Vice-chancellors, university executives, academics, the heads of the National Research Foundation (NRF) and the British Council joined minister Blade Nzimande this week to celebrate a milestone in the development of black academics.
Nzimande, the minister of higher education, science and innovation, presented certificates to 90 participants who successfully completed the six-year New Generation of Academics Programme (nGAP) at a colloquium in Kempton Park.
The academics are the first and second cohorts to complete the nGAP, which was launched by Nzimande, who was then minister of higher education and training, in 2015.
The nGAP, which targets previously disadvantaged groups, especially black women, allocates posts at all 26 universities in South Africa to develop promising young scholars into fully fledged academics.
The nGAP comprises a three-year development programme to acquire a PhD or doctoral degrees and an additional three years in an academic position.
Nzimande said his department spent R2.5-million per participant for the duration of the six-year programme. He added that 77% of the participants had been fully absorbed by the institutions.
The nGAP is one of the staff development programmes that are implemented by the department as part of Staffing South African Universities’ Framework under the University Capacity Development programme. Nzimande said the nGAP, which is in its eighth year, resulted in 760 allocated posts by the end of last year.
“A total of 583 of the 758 (77%) lecturers have been successfully appointed into lecturer positions by our universities and are still active in the programme. The remaining 175 (23%) have exited the academy,” Nzimande said on the first day of the two-day colloquium held at Emperors Palace Convention Centre from Wednesday.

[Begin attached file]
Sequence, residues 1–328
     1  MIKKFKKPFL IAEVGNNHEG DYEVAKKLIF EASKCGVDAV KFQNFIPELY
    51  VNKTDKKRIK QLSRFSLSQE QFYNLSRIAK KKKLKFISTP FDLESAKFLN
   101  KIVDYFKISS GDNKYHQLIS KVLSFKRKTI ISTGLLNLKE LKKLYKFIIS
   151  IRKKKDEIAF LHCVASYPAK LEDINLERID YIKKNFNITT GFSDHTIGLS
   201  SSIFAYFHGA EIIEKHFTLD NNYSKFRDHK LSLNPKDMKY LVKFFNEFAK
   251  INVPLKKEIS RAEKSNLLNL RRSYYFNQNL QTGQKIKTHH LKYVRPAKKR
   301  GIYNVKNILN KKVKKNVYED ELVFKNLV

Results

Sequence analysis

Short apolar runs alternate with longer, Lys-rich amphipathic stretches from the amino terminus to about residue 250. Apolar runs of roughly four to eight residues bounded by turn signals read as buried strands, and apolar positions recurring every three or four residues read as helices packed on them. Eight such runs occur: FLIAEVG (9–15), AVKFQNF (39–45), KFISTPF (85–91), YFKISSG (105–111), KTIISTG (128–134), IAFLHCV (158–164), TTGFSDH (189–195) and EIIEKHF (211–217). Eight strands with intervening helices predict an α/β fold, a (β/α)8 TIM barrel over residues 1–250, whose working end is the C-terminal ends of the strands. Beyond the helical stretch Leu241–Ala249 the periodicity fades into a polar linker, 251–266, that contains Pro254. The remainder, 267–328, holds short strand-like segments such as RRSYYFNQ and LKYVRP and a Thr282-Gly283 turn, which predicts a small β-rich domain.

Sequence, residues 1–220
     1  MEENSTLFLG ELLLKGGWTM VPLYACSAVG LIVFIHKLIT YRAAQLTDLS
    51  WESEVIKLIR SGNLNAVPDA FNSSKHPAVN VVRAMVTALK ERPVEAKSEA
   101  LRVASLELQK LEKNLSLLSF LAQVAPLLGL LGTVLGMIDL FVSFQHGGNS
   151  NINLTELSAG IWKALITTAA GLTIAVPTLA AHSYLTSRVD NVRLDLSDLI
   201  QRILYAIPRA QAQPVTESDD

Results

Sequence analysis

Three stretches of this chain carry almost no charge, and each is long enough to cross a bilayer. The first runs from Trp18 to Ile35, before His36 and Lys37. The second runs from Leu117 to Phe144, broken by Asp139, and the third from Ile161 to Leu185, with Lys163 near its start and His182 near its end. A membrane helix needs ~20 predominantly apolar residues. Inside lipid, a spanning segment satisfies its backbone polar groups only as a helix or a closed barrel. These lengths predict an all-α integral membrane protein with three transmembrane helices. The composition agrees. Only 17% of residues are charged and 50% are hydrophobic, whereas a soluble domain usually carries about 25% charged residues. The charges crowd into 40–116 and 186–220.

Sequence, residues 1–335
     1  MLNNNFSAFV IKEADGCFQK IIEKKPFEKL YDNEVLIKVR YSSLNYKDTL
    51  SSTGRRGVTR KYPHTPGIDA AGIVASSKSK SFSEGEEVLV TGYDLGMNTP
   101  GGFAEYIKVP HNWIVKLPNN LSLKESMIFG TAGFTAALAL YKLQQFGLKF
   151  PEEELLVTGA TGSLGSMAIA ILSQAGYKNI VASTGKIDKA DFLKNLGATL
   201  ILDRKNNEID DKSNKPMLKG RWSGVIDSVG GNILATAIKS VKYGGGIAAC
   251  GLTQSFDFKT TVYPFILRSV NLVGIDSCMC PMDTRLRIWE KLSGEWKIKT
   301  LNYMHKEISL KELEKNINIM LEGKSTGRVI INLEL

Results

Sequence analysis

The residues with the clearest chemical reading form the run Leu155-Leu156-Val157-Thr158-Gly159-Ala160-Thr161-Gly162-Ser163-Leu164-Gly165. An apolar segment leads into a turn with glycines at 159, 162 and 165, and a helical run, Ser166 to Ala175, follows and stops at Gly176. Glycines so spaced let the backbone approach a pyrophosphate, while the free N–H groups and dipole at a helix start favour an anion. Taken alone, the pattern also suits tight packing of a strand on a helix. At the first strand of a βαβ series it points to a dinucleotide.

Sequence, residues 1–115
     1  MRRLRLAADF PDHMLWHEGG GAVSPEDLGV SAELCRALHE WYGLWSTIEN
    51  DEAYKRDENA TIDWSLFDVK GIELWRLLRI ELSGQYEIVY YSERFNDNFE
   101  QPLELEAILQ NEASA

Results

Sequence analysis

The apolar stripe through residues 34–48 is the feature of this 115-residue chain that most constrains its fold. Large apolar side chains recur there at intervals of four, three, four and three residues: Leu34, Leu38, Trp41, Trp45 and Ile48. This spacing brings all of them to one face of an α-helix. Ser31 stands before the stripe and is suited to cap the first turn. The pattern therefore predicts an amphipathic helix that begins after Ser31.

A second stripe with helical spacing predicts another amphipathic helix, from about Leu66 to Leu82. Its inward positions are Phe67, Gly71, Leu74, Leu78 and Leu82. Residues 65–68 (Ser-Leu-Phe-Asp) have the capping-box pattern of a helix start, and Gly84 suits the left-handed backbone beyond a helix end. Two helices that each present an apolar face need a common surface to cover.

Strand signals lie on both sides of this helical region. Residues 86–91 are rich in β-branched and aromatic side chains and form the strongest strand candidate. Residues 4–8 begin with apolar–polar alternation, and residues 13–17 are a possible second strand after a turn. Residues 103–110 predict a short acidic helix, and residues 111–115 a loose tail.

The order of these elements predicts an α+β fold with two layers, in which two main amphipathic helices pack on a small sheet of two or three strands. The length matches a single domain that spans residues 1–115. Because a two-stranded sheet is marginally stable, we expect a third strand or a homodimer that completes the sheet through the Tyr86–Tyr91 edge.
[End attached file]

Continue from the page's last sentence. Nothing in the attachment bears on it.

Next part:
The programme, conducted in conjunction with universities, the NRF and British Council, will allocate a further 85 posts for the current financial year.
“This will bring the total allocated posts to universities to 843,” he said.
The nGAP requires that at least 55% of candidates recruited by universities must be black South African women.
Among the speakers and delegates were the University of Zululand vice-chancellor prof Xoliswa Mtose, Walter Sisulu University vice-chancellor prof Rushiella Songca, NFR CEO prof Fulufhelo Nelwamondo, British Council country director George Barrett and Prof Andre Keet, who was representing the vice-chancellor of Nelson Mandela University prof Sibongile Muthwa.
Speaking to Sunday World, Nzimande said while there was a lot of progress in the universities space to develop and retain black academics, more attention needed to be given to improving alignment in different sectors of the post-education and training system.
He said the post-education and training system, which is still a new concept in South Africa, required improvement and alignment between universities and technical and vocational education and training (TVET) colleges and community education colleges.
“We have six or eight universities now that are training TVET college lecturers. It’s a very important alignment issue because universities are using the knowledge they have to empower [TVET college] lecturers. You still have a lot of [TVET college] lecturers who are not adequately trained.
“But the much more direct alignment is that some of the universities are now beginning to accept the national certificate vocational (NCV), which is the equivalent of matric. All universities before did not accept NCV. Accepting it ensures we do not have cul-de-sacs in the system,” he said.